Eat LightsModular Living is the latest album from Eat Lights, Become Lights. This London four-piece have been going strong since they started attacking people’s senses in 2007. They are certainly an interesting band. Writer, performer and engineer Neil Rudd  formed ELBL from his love of German avant rock and 70s electronica that in turn create this sound that sits at either end of the spectrum.

Modular living, from the get go, sets you up for a ride through a sonic landscape, which one could only imagine would be full of bright colours, odd costumes and weird and wonderful inhabitants. This could quite easily be a 1980s video game soundtrack.

I’m not sure what to actually compare their sound to, as this is certainly a new experience for me. Think traditional band set up, drums, bass, and guitars, and then maximize that by 100 and take some acid; that is this band in a nutshell. Can you dance to it? Yes. Can you chill to it? In a way yes. Can it be enjoyed both alone and in a group? Yes. So really this album ticks all the right, weird and wonderful boxes that it set out to.

Don’t let the 9 tracks fool you though. This is not a quick listen, with some tracks lasting over 8 minutes. I am particularly fond of the minimal, slow, almost plodding track ‘Rowley Way Overlook’. Those films you watch where there is a simple, steady and atmospheric soundtrack playing, whilst a really intense, often violent scene is playing visually – that’s what this song does to my brain. It would be the perfect accompaniment to any action sequence.

There is an effective mixture of upbeat, happy tracks and dark, sometimes bordering on sinister, tracks. This is why this record feels like a soundtrack, taking you on a journey. The music has been crafted so perfectly that every track conjures up different images in the listeners mind. This is a very creative record that stands out from the crowd. I would imagine that a live show would be nothing but a pleasure to experience, and be more like an art performance than a gig.

There is an intensity to this record that might not be expected upon first listen. It is definitely a grower. This certainly is not a mainstream record, but it is bold and focused and makes for a far more eclectic listen than anything in the charts right now, so I would suggest giving it a try.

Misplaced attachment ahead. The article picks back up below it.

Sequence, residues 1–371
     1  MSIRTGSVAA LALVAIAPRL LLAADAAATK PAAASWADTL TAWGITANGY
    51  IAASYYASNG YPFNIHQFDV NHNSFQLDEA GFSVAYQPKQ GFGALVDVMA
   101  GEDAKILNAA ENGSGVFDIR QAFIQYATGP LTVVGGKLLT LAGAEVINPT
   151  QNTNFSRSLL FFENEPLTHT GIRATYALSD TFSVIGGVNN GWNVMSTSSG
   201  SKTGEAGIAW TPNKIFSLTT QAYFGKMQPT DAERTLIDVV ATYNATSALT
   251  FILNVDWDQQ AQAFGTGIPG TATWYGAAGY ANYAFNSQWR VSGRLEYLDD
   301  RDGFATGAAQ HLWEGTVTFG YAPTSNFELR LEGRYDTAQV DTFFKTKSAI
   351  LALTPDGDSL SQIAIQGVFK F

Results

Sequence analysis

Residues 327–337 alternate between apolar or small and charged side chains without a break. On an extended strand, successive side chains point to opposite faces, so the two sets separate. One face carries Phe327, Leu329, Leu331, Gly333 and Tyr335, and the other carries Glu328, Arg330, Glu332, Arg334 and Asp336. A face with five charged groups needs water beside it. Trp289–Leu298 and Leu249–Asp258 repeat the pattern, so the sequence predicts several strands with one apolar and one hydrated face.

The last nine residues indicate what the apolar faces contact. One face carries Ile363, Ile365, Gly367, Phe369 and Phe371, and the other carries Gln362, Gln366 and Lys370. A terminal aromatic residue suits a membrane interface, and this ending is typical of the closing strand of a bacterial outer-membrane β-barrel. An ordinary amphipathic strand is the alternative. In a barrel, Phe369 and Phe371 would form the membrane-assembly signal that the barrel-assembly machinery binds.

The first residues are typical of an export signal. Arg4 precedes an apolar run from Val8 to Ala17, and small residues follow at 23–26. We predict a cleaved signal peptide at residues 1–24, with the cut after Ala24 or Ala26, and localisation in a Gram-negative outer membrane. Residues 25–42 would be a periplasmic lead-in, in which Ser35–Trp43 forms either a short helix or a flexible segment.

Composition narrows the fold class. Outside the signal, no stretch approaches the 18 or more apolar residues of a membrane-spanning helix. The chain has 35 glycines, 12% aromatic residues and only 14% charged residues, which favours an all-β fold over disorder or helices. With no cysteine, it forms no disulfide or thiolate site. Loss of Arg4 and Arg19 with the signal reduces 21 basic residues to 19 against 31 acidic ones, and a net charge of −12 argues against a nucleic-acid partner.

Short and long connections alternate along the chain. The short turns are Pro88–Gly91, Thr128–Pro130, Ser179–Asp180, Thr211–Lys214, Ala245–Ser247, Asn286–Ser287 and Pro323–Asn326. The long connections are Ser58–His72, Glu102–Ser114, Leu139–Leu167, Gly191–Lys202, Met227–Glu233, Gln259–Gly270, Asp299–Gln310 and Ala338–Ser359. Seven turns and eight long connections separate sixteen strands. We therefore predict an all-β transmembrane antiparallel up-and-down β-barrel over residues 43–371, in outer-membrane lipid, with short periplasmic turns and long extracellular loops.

7 out of 11

Release Date 16/07/2013 (Rocket Girl)

Liz Ahye

I have always had a passion for music. Growing up I spent many a Friday night glued to TOTP and many a Sunday attempting to record the Top 40 to tape. In secondary school I learnt the guitar and drums as well as being in every choir, sound crew and production I could. Finally, It was at University in Chester where I began to start writing reviews. Until then I didn't really think anyone would want to know my opinion. We had a guest lecturer come in and he had us do a minute task where we listened to a song and them had to write a descriptive one liner about it. I realised from this point that I could combine creative writing, music knowledge and opinion into something productive and interesting. That's when I signed up to Silent Radio. It was the perfect thing for me to get involved with, I could voice my opinion on the student airwaves and then write it for the website.Now I am a Music Production and Radio graduate, living in London and working my first industry job. I spend my days working at Metropolis Studios and my nights attempting to write well educated, witty and interesting reviews.When it comes to my taste in music I guess it's rather varied. I will pretty much give anything a listen. The genres closet to my heart would probably be rock, soul, funk and dance but thankfully my job is broadening my listening horizons even further. As a reviewer I would say I have a fan type approach and sometimes I am a little to generous when turning that dial but they are always honest and I hope to some degree, relevant. My hopes are to continue writing for SR, growing as a reviewer and expanding my music knowledge.